My two-plus dozen first cousins on my mother’s side – and a few on my father’s side – started our lives going to my mother’s parents’ house on Cape Cod during the summer. Every weekend you could count on at least 6 or 7 little kids running around, begging for a grownup to take us to the beach.
There was an open field between the house and the beach, and the family had a routine of bringing down umbrellas, beach blankets and toys every sunny morning and setting them directly in the sight line of the house. When we were finally old enough to go to the beach ourselves, we would hear the same chorus every day: “Don’t go beyond the line of blocks in the water” (which at low tide were up to our knees) and “Stay where we can see you.” The grownups also made us wait an hour after eating so we wouldn’t get cramps, which we later learned was baloney. They just wanted a break in the rotation of grownups who were assigned beach duty or watching us from the house.
Over 60+ summers there are more memories than we can remember now. But my first memory is still vivid. I was three years old, walking on the beach with our grandfather, my father and an uncle. As I was walking a squirt of water came out of a hole in the sand and hit my leg. I knelt down to dig at the hole to see what was down there. Eventually I pulled out a clam – huge to me, and I had no idea what it was. But my chaperones thought that was great and encouraged me to keep digging, and eventually I dug enough for everyone at the house to have one clam, including me. And I was hooked.
From then on, the grownups would give the little kids who wanted one a small bucket and shovel and we’d run down to the beach at low tide and start digging. We even found the occasional scallops (do not put your finger into a live, open scallop) and oysters on the sand. There were mussels attached to the seaweed on the rocks, but we didn’t take them, and neither did anyone else. Now mussels with garlic and wine are a chic dish.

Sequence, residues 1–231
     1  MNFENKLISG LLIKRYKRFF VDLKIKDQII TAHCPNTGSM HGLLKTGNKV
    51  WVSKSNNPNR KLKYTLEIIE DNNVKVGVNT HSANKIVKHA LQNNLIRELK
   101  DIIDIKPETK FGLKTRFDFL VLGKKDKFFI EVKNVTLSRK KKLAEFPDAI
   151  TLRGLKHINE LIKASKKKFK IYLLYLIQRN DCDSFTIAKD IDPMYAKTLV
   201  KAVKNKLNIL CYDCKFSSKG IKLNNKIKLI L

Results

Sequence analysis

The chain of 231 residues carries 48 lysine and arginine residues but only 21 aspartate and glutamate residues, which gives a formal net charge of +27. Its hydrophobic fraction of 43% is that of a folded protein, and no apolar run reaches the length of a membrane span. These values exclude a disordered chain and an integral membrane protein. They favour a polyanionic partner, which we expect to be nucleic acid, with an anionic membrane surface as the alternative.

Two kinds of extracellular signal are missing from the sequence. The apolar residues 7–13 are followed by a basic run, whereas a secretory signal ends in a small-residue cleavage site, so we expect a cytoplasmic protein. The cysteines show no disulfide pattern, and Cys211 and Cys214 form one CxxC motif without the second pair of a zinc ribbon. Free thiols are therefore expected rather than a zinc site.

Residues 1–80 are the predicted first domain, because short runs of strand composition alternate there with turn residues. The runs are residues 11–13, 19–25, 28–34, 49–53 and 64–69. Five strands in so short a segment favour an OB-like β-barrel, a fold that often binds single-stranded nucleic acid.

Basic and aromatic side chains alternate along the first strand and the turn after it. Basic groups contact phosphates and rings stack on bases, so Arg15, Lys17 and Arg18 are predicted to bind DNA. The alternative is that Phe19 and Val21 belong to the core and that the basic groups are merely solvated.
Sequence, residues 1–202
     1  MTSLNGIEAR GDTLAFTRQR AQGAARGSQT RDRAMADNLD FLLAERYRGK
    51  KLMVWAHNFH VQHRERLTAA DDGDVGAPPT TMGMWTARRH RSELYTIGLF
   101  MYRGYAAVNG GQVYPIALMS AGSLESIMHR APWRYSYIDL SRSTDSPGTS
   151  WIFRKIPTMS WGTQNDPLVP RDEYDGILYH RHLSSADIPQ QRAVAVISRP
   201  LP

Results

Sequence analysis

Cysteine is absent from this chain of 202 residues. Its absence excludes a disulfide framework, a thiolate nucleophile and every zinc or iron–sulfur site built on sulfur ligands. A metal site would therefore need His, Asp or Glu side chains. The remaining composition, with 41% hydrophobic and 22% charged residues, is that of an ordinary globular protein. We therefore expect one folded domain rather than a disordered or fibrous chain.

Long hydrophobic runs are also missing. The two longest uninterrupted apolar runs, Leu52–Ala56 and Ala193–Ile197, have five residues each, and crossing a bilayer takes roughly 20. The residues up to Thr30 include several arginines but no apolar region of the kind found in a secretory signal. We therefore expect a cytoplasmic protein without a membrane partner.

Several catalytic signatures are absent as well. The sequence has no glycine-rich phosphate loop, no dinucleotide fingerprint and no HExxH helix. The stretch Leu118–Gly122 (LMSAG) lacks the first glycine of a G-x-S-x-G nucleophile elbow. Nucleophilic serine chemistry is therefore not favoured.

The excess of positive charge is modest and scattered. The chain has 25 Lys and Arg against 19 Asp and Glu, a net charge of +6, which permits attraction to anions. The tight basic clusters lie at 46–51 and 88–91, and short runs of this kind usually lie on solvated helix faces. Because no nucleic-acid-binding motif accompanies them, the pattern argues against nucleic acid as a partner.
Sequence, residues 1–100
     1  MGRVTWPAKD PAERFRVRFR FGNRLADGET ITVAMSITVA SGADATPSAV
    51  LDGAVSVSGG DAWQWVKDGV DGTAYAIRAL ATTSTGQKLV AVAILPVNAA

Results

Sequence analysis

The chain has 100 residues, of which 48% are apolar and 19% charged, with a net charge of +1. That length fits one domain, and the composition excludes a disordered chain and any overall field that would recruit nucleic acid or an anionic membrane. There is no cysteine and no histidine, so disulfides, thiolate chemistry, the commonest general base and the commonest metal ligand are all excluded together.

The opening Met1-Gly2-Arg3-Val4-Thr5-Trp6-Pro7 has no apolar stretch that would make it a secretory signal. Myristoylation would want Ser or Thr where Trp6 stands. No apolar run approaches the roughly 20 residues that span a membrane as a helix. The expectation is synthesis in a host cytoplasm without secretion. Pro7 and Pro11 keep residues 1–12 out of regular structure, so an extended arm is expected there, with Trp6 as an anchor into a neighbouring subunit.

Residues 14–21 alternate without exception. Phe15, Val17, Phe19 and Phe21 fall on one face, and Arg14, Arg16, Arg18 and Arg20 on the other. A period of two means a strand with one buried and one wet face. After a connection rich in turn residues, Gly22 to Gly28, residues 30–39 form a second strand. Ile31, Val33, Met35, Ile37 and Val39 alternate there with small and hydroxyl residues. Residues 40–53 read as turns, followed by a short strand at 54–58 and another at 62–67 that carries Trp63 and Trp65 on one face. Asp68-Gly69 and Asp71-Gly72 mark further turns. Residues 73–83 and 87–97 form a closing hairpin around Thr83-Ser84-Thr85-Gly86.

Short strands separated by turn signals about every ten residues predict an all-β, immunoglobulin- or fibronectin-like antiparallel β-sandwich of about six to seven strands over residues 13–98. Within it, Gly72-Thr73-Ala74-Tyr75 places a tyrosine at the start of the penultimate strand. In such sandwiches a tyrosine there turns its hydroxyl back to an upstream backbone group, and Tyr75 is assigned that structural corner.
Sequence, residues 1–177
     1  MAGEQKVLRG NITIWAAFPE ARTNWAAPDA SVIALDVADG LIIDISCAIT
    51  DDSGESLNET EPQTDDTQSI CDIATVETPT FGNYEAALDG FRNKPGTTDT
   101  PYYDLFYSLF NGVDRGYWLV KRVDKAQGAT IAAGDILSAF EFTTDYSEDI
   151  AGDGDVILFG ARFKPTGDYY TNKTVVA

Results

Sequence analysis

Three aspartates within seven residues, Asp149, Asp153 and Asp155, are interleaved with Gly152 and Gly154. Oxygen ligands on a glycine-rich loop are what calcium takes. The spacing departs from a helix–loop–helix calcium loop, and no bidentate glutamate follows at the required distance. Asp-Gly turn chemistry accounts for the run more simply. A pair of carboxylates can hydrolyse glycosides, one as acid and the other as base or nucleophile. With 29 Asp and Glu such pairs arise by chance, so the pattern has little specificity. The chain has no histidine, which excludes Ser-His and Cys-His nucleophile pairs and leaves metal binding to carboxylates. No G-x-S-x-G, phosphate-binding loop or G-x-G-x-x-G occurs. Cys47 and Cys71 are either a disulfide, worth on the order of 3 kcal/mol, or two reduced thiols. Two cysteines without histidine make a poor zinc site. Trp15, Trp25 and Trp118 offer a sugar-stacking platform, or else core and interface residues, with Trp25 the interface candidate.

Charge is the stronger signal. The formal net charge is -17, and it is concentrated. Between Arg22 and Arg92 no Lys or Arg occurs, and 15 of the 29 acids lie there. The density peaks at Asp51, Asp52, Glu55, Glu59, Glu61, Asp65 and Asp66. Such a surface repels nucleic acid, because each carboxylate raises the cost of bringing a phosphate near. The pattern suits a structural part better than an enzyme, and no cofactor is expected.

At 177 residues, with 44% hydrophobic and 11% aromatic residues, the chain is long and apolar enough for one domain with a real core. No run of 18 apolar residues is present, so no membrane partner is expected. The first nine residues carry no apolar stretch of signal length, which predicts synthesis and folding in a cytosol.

And when we got old enough so our parents didn’t worry we’d drown, we started going after quahogs. We’d walk waist-high into the water, dig around with our toes until we found the hard shell, pray we weren’t about to encounter a miffed crab, and dunk into the water to bring the quahogs up. Sometimes they went into a chowder, sometimes they were stuffed.
There we’d sit, two and three generations on the porch and steps, eating seafood we found and cooked, and then tossing the empty shells into the driveway. Through six decades and counting, winters we still complain about years later, much happiness and sorrow, these memories bring me joy, especially when we see the “youngins” bringing up their buckets to us “olds” on the porch.
What are your special memories of summer growing up?